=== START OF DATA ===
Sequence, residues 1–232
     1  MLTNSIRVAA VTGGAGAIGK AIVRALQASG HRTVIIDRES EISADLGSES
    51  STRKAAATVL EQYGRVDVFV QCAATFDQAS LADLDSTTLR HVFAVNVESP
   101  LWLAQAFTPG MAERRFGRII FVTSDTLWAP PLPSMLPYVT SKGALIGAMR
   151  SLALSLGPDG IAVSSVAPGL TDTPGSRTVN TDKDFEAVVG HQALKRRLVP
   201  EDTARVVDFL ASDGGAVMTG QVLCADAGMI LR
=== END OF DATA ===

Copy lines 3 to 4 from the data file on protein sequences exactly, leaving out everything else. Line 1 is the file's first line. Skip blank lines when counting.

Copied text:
    51  STRKAAATVL EQYGRVDVFV QCAATFDQAS LADLDSTTLR HVFAVNVESP
   101  LWLAQAFTPG MAERRFGRII FVTSDTLWAP PLPSMLPYVT SKGALIGAMR